On 14 November 2012, the General Court of the European Union (General Court) held that the European Commission (EC) must have reasonable grounds for suspecting an infringement of the EU competition rules in a particular sector before it can carry out an “inspection” (dawn raid). The EC’s decision authorising its staff to carry out a dawn raid (an “inspection decision”) can therefore only validly refer to sectors of activity in relation to which the EC has such grounds.
The valid scope of an inspection decision is important because, as the court pointed out, during a raid the EC must restrict its search to the sectors indicated in the decision and if it finds, after examination, that a document does not relate to those activities, it must refrain from using it for the purposes of its investigation. If this were not the case, the EC would be able to carry out a dawn raid (on the basis of reasonable grounds for suspicion in any sector) which could in practice cover all the activities of a company, with the aim of trying to detect any infringement of the competition rules which might have been committed by that company (in any sector). This would be a classic “fishing expedition”.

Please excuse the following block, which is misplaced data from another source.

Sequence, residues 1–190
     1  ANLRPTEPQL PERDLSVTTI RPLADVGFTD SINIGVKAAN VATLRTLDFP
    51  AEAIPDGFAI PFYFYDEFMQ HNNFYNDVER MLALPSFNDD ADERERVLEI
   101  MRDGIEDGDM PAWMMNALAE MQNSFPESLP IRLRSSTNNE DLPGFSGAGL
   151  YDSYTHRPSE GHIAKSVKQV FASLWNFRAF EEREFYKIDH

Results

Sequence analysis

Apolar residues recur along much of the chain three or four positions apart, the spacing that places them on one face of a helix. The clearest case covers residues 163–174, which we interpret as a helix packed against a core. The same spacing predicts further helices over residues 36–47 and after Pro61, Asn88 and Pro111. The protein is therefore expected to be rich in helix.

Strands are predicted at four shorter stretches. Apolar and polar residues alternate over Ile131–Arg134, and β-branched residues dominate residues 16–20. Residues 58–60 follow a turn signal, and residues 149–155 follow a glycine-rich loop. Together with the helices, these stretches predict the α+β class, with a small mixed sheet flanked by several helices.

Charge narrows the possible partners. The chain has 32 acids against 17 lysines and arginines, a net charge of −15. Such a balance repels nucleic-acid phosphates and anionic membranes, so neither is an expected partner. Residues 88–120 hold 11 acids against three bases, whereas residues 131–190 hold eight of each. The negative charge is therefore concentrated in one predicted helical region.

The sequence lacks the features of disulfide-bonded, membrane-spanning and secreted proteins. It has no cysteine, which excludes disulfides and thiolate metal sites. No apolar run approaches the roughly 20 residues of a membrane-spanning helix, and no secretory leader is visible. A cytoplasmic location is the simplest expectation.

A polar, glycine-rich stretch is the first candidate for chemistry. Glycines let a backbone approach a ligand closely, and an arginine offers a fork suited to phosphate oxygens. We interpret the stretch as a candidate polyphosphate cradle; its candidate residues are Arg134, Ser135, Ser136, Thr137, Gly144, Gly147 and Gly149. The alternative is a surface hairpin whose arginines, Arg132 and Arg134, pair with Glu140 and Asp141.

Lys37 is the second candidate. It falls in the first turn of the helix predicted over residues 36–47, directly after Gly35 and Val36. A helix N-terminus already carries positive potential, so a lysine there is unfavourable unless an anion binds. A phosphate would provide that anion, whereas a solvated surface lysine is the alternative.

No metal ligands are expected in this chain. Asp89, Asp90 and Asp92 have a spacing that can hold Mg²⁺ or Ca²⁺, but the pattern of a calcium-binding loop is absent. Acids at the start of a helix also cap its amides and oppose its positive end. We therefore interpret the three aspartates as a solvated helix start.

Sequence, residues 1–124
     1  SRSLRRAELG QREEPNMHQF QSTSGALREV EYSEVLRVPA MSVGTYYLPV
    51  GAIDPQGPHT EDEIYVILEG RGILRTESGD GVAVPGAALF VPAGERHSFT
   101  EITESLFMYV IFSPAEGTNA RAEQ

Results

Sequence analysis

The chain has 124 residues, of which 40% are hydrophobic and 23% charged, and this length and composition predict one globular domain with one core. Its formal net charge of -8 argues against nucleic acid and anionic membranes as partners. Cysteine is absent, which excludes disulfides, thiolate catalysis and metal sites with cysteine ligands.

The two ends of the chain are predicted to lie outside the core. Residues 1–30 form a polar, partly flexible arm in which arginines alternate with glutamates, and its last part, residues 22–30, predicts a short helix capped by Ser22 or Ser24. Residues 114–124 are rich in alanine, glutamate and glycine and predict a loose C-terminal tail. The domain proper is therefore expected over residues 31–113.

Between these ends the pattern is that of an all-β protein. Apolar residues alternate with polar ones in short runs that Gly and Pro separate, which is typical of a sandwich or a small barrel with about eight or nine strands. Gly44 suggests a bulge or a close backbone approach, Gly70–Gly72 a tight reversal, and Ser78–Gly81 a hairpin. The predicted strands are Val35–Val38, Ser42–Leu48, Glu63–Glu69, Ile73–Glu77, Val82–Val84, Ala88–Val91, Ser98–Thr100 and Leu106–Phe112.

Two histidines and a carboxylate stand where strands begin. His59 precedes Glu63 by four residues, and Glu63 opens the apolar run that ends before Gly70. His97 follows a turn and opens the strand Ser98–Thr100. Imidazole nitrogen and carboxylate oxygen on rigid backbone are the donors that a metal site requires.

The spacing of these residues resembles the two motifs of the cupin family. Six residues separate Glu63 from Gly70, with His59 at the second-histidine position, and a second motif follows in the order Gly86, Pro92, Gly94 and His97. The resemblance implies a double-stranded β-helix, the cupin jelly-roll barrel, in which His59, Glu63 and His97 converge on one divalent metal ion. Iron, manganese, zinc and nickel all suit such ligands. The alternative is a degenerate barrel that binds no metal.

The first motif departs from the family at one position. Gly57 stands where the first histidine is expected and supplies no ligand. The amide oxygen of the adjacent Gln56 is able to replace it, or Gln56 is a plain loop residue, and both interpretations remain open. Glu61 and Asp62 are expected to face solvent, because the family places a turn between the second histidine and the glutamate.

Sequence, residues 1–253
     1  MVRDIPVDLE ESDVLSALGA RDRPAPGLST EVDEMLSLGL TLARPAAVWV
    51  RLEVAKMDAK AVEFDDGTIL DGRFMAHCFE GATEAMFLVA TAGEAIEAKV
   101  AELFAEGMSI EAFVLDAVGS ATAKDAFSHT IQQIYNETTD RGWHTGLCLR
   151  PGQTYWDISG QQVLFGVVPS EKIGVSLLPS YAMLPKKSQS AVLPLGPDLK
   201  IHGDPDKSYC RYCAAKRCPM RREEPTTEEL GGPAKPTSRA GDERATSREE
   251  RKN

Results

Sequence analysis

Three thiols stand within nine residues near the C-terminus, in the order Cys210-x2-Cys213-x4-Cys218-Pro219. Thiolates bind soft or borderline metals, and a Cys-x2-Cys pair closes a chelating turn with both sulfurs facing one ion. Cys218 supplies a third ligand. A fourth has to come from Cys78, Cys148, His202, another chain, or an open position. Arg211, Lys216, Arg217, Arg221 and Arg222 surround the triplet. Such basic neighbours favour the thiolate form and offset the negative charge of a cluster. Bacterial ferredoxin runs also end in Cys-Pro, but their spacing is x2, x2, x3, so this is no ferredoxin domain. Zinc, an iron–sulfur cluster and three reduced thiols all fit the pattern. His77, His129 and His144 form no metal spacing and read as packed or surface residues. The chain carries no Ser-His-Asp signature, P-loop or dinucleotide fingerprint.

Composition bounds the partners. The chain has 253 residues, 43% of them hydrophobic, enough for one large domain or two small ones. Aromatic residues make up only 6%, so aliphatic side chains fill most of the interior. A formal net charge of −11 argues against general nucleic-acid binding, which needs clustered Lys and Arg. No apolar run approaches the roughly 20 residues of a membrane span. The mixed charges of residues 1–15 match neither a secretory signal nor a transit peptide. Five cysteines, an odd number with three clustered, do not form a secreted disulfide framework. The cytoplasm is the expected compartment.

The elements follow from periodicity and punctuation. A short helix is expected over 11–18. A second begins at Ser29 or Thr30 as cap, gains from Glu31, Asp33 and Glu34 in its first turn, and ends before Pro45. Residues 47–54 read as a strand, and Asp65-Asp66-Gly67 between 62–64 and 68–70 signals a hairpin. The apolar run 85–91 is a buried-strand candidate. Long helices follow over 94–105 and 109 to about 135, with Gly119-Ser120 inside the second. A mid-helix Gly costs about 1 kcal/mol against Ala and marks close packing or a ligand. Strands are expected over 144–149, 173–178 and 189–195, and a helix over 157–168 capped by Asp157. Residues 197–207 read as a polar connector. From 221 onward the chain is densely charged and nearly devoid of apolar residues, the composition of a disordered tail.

Companies must still be careful not to obstruct the EC when it carries out dawn raids. However, this case emphasises that they should nevertheless monitor the EC officials closely during a raid to ensure that they take away documents only in sectors covered by the decision. The EC will inevitably be more sensitive to arguments that it is going beyond the scope of its decision.